¶ 6. The Board held a hearing on the appeals on January 8, 2007.   At the hearing, the Department called a single witness, nurse Toni Morgan, the Long Term Care Clinical Coordinator who reviewed petitioner's reassessments on the Department's behalf and ultimately recommended reducing petitioner's personal-care service hours.   Petitioner presented the testimony of her case manager and her longtime primary-care physician, and testified on her own behalf.   In addition, she submitted a letter of support from the nurse who had assisted her case manager in completing the reassessments at issue.   The Board determined that the Department had the burden of proof “to show a factual basis supporting a reduction of service hours,” and that it failed to meet that burden in light of the evidence supporting petitioner's position that she maintained the same need for personal-care services as in past years.   Thus, on March 23, 2007, the Board ordered the Department to provide petitioner with the service hours requested in the assessments prepared by petitioner's case manager.

¶ 7. On April 5, the Secretary of the Agency of Human Services reversed the Board's decision and reinstated the Department's service plan with the reduced hours.   The Secretary reasoned that the Board's decision was unsupported by the evidence, and that the Board had misapplied the agency rule on notice of variance decisions.   On April 13, 2007, petitioner appealed the Secretary's order to this Court.

¶ 8. On appeal, petitioner argues that the Secretary lacked any factual or legal basis on which to reverse the Board's findings and conclusions.   Furthermore, she contends that the Secretary erred in determining that the Department's notice of reduction of benefits was adequate despite the fact that she was not provided separate notice of the denial of her variance requests.

¶ 9. To begin, the State of Vermont voluntarily participates in the federal Medicaid program.   Medicaid was created, in part, to provide medical assistance to disabled individuals who lack the resources to meet their need for medical services, and rehabilitation and other services to help those individuals “attain or retain capability for independence or self-care.”  42 U.S.C. § 1396.   Pursuant to the Medicaid program, a participating state is permitted to apply for a waiver of certain requirements of the program to allow it to best meet the medical needs of its residents.   CFC is a federally approved Medicaid waiver program developed by the Department to assist disabled Vermonters-who would otherwise “require the level of care provided in a hospital or a nursing facility”-to remain in their homes.   Id. § 1396n(c)(1).   The program provides in-home nonmedical services to nursing-home-level Medicaid recipients, including personal-care services such as dressing, bathing, and eating assistance based on an individual assessment of need.   See Choices for Care 1115 Long-term Care Medicaid Waiver Regulations (VII)(2)(B)(5) (October 7, 2005).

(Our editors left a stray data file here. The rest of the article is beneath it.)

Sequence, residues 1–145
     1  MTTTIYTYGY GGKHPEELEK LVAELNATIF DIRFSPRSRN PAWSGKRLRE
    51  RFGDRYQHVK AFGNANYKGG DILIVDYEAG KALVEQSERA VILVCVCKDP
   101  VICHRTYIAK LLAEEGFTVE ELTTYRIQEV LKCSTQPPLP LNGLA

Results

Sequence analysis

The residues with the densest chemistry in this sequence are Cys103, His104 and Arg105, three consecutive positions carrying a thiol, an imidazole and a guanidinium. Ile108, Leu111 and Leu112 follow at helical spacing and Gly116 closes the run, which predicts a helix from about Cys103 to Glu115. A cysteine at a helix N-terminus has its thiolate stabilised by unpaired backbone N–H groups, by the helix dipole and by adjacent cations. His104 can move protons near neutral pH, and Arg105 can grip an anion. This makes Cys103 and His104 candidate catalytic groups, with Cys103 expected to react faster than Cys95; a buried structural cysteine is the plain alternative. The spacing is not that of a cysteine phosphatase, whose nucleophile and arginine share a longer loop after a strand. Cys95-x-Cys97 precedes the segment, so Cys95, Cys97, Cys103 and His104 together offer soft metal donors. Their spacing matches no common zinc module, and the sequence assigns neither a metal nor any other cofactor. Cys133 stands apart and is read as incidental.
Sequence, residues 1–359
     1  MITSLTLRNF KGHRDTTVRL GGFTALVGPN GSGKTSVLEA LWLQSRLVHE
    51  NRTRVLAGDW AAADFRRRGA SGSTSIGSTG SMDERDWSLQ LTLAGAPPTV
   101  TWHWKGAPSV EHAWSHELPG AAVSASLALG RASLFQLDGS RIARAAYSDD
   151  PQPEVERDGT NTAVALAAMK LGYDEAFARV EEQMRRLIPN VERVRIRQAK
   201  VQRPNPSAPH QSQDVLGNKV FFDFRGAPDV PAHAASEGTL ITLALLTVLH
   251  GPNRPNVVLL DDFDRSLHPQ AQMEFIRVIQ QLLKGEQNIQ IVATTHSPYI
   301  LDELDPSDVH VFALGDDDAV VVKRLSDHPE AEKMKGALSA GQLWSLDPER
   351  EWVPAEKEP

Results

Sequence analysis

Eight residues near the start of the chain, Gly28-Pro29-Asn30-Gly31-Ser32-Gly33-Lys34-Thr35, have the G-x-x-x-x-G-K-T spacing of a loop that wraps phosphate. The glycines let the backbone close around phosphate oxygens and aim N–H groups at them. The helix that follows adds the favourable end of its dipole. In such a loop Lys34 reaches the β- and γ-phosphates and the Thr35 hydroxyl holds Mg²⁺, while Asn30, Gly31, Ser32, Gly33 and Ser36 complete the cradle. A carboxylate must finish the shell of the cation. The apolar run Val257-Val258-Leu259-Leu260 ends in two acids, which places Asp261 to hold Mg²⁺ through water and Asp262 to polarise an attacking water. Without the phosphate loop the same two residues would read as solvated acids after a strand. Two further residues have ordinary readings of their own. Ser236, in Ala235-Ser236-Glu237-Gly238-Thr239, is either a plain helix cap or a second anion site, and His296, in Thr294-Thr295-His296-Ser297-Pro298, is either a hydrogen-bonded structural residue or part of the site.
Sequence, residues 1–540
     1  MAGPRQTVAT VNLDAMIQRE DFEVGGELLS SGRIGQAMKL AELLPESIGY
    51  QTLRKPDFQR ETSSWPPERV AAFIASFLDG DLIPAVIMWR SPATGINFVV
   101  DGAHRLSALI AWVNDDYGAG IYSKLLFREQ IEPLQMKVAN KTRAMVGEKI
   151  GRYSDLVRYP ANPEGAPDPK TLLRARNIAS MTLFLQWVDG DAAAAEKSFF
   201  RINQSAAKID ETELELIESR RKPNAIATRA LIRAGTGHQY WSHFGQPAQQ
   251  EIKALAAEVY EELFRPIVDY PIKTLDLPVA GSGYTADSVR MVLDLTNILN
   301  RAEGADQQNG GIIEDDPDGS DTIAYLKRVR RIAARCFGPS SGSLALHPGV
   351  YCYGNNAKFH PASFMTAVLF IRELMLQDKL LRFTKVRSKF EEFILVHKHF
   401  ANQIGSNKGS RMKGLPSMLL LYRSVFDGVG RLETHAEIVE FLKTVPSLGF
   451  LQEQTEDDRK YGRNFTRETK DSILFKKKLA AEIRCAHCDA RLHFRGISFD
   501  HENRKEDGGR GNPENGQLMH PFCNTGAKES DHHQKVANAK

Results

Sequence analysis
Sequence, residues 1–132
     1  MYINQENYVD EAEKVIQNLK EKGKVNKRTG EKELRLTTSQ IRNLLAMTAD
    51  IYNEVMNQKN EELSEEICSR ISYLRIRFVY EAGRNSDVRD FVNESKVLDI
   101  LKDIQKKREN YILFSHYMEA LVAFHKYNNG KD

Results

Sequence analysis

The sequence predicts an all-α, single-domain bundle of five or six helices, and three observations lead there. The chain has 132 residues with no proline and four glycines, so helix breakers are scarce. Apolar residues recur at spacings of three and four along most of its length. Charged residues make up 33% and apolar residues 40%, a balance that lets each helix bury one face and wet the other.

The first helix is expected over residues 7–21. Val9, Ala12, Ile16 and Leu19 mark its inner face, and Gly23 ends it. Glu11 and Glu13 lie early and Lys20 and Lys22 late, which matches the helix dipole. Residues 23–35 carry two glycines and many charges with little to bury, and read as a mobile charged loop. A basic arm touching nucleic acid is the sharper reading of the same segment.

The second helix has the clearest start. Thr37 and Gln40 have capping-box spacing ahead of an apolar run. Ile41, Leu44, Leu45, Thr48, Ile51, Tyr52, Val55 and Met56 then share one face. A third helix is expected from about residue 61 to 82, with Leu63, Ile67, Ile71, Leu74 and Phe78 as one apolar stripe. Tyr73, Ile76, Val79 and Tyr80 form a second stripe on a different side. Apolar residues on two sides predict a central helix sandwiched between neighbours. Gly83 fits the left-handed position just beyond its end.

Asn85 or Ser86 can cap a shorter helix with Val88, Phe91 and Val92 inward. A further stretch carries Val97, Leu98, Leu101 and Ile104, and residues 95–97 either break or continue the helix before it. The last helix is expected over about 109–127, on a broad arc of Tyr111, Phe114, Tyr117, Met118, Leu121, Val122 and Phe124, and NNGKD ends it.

¶ 10.   Under HCBS, the predecessor to CFC, the Department determined that petitioner required nursing-home-level care and was eligible for in-home personal-care services.   When it transitioned to CFC, the Department automatically enrolled petitioner in the program. Consequently, petitioner's entitlement to personal-care services under the Medicaid waiver program is not at issue here.   Rather, the question at the fair hearing was whether the reduction of petitioner's service hours from 102 hours biweekly to 75 hours biweekly and 79.5 hours biweekly, respectively for the 2006 and 2007 service years, was appropriate to protect petitioner's health and welfare as mandated by the program.   See Choices for Care 1115 Long-term Care Medicaid Waiver Regulations (II)(A).